"Tiger Mom” study shows the parenting method doesn’t work Photo by Kim Hong-Ji/Reuters. When Amy Chua’s book, Battle Hymn of the Tiger Mother came out in 2011, it sparked controversy among many people but especially psychologists and experts in child development. The book, they felt, had lodged in the culture certain stereotypes about an Asian parenting style that was not well-studied or well-understood and certainly not ready to be held up as some kind of model. Chua’s book was a somewhat tongue-in-cheek memoir of her experiences raising her two daughters with her (non-Asian) husband, which involved hours of forced music practice every day, severe restrictions on extracurriculars, outright bans on social activities like sleepovers, and punishment and shaming on the rare occasions her children failed to attain their mother’s high expectations. Chua eased off as her kids grew older, and she admitted that she might have been wrong in some instances. When Chua’s book first hit the transom, Su Yeong Kim thought, “Oh my God!
The benefits of being stupid at work By Megan Hustad FORTUNE -- Would you rather be thoughtless and successful or intelligent and frustrated? A recent article in the New Scientist addressed the never-ending ignorance-as-bliss debate with the following question: If being intelligent was an evolutionary advantage, "why aren't we all uniformly intelligent?" The obvious, unscientific answer: Probably for the same reasons we aren't uniformly good-looking. But is being smart always to your benefit? Are there instances when stupid works better? Stupidity can increase efficiency, claims Mats Alvesson, professor of organization studies at Lund University in Sweden. MORE: Hospital finances are broken. The study's authors found that stupidity, on the other hand, seemed to have a unifying effect. Superior intelligence often comes with hidden costs. Decreased diligence is only half of it. MORE: NYU's part-time MBA: Worth the hustle? This echoes some of the wisdom dispensed in the 1970s bestseller The Peter Principle.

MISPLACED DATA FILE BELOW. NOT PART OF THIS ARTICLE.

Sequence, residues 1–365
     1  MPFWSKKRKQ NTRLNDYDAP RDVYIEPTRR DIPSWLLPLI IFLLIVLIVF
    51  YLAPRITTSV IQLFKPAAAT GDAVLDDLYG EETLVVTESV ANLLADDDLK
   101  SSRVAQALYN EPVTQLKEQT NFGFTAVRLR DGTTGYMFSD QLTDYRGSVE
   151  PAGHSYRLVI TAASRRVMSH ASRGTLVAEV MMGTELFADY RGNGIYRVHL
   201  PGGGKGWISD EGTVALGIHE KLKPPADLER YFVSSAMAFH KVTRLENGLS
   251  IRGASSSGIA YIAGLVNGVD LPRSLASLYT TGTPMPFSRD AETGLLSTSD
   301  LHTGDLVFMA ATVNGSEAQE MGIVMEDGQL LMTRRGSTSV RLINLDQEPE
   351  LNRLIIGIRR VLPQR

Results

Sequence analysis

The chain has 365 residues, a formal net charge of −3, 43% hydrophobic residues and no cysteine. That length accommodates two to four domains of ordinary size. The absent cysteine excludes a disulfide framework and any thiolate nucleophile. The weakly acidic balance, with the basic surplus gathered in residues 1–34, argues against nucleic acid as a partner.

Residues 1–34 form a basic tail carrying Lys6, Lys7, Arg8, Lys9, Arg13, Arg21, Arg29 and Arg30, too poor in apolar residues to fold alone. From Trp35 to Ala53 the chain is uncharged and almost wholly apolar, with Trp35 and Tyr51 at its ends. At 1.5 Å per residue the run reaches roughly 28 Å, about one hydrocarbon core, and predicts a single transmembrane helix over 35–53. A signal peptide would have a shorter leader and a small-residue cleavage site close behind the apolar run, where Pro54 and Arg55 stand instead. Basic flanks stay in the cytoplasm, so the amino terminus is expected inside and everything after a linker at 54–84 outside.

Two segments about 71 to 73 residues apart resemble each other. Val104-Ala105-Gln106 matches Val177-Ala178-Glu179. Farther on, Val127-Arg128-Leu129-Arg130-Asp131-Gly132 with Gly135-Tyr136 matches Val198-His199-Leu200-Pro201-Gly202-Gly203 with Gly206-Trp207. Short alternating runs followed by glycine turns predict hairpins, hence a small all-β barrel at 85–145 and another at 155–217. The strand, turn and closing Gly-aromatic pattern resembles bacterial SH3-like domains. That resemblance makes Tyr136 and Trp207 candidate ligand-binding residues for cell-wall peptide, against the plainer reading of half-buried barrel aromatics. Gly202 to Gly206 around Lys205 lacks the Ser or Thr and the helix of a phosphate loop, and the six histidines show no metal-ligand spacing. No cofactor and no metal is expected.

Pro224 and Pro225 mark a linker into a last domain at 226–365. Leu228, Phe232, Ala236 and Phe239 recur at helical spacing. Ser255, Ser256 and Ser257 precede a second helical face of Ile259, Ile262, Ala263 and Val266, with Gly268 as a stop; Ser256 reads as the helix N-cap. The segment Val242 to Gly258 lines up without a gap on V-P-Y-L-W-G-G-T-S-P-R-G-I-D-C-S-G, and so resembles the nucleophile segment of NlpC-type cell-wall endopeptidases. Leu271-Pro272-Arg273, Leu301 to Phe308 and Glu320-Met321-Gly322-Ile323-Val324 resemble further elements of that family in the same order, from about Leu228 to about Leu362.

How Machiavelli Saved My Family by Suzanne Evans Change in mental health after smoking cessation: systematic review and meta-analysis Gemma Taylor, doctoral researcher12, Ann McNeill, professor of tobacco addiction23, Alan Girling, reader in medical statistics1, Amanda Farley, lecturer in epidemiology12, Nicola Lindson-Hawley, research fellow24, Paul Aveyard, professor of behavioural medicine24 Author Affiliations Correspondence to: G Taylor GMT181@bham.ac.uk and P Aveyard email@example.comAccepted 21 January 2014 Abstract Objective To investigate change in mental health after smoking cessation compared with continuing to smoke. Design Systematic review and meta-analysis of observational studies. Data sources Web of Science, Cochrane Central Register of Controlled Trials, Medline, Embase, and PsycINFO for relevant studies from inception to April 2012. Eligibility criteria for selecting studies Longitudinal studies of adults that assessed mental health before smoking cessation and at least six weeks after cessation or baseline in healthy and clinical populations. Introduction Methods Eligibility criteria Study selection
McDonald's and me: My fight to end gendered Happy Meal toys. Photo by Rob Wilson/Shutterstock In the fall of 2008, when I was 11 years old, I wrote to the CEO of McDonald’s and asked him to change the way his stores sold Happy Meals. I expressed my frustration that McDonald’s always asked if my family preferred a “girl toy” or a “boy toy” when we ordered a Happy Meal at the drive-through. A few weeks later, I received a short response from a McDonald’s customer satisfaction representative claiming that McDonald’s doesn’t train their employees to ask whether Happy Meal customers want boys’ or girls’ toys, and my experiences were not the norm. This response was unsatisfying, so I began visiting more than a dozen local McDonald’s locations with my father to collect data. But I still couldn’t let it go. In a series of 30 visits, we sent boys and girls, ages 7-11, into 15 McDonald’s stores to independently order a Happy Meal at the counter. In the most egregious instance, a McDonald’s employee asked a girl, “Would you like the girl's toy?”